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Grad student tackling acoustics onboard

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Post by Matt Woodstock

Hey everyone!

My name is Matt Woodstock and I am a PhD Candidate at Florida International University working under Dr. Yuying Zhang. The focus of my dissertation research is to develop computer models that simulate conditions we observe in the Gulf of Mexico and answer ecosystem-level questions about the ecology of the system. Examples of these types of questions are changes to food web structure as populations fluctuate over time, the influence of the Deepwater Horizon oil spill on the mortality rates of mesopelagic animals, and vertical nutrient transfer by vertically migrating fishes and cetaceans. Ecosystem-based modelling is rarely done in the oceanic zone because it requires a lot of data, but because of projects like DEEPEND these types of research questions are feasible. Previously I completed a masters under Dr. Tracey Sutton studying the diet and parasites of mesopelagic fishes in the Gulf of Mexico.

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Dr. Boswell (right) and I (left) securing acoustic equipment to the CTD as a way to monitor fish behavior.

 

This is my third research cruise and second on the R/V Point Sur with the DEEPEND crew! My main job is to help Dr. Kevin Boswell gather our acoustic data by setting up gear and monitoring the data as it comes in. Aside from the few hours that we are moving between stations, we are constantly collecting acoustic data. I am also helping Dr. Isabel Romero collect and filter water samples for chemicals in the water column using a CTD. The acoustic and water chemistry projects are collaborating by placing an automated acoustic transducer on the CTD and collecting water at the same time that the deep scattering layer (a collection of deep-sea organisms in the water column recognizable through acoustic receivers) moves by. Being out at sea is one of my favorite things to do as a scientist and each time is special!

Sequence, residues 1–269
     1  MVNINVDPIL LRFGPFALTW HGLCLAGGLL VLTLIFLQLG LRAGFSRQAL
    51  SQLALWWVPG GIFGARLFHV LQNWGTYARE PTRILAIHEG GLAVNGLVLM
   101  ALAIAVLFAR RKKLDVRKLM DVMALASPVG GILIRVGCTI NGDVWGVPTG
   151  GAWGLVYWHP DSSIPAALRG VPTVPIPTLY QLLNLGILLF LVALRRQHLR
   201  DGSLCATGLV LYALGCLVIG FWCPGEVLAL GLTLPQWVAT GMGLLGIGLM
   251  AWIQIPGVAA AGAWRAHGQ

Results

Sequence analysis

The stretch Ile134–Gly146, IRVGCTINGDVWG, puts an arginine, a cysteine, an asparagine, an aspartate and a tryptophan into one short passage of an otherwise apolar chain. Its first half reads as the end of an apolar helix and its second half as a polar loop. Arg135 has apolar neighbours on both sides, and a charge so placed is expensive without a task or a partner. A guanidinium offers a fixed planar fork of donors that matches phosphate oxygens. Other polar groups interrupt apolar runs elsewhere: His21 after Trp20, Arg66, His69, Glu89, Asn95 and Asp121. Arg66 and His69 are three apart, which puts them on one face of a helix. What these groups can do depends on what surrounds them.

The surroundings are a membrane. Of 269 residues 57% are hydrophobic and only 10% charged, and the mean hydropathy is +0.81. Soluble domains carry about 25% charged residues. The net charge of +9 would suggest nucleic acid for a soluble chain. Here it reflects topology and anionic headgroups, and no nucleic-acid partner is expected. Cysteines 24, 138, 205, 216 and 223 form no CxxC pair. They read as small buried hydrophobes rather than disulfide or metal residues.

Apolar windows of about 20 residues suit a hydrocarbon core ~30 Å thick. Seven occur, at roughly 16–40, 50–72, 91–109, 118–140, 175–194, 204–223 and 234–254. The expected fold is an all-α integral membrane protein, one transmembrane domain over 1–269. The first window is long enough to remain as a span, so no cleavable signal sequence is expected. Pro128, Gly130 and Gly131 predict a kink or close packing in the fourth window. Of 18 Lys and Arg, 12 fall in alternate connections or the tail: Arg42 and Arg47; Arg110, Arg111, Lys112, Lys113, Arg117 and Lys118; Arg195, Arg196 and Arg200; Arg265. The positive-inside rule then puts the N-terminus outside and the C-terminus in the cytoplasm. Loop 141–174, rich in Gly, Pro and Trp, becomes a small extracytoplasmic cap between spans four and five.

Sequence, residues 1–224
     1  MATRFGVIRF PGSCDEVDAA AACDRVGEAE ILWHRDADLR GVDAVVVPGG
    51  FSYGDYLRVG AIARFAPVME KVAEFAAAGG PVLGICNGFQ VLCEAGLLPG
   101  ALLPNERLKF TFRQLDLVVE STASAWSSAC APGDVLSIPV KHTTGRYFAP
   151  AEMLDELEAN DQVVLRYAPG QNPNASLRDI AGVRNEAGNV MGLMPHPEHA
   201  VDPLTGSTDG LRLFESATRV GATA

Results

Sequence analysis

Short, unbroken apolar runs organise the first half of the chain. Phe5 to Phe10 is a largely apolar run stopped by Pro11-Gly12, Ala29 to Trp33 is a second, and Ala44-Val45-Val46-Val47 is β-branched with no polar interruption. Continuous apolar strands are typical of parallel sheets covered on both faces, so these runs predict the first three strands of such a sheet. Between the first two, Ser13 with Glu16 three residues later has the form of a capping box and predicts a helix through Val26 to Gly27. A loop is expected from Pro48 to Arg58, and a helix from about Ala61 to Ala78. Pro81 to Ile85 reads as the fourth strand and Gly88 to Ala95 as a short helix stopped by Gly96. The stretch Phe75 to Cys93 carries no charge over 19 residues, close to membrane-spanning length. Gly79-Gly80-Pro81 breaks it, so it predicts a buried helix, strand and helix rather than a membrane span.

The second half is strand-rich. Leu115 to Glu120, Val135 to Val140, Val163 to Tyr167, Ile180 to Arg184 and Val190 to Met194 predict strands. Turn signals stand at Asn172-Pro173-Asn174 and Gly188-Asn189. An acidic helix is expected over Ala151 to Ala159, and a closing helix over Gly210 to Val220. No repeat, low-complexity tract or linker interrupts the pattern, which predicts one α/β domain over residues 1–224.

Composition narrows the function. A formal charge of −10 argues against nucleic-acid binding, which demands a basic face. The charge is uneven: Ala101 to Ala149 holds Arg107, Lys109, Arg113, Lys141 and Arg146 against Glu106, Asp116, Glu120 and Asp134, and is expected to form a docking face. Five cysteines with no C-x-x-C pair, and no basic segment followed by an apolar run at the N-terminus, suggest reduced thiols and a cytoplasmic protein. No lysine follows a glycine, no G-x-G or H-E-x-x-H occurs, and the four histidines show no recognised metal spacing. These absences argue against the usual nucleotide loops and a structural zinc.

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 Left:  Dr. Romero (left) and Dr. Boswell (right) deliberating on the best game plan for sampling.

 

 Right:  My main workstation that has monitors of real-time data from the acoustic equipment.

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Dr. Boswell with the main acoustic gear during assembly prior to the cruise.

 

 

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Dr. Heather Judkins is an assistant professor in the Department of Biology at the University of South Florida St. Petersburg. She received a Bachelors degree in Marine Affairs from the University of Rhode Island, Masters degree in Science Education from Nova Southeastern University and her PhD in Biological Oceanography from the University of South Florida. Her research focuses on understanding the evolution, ecology, and biogeography of cephalopods with a main focus currently in the Wider Caribbean. Her role in this project includes the identification of deep-sea cephalopods, examining genetic diversity, and analysis of cephalopod ecology and distribution in the water column.

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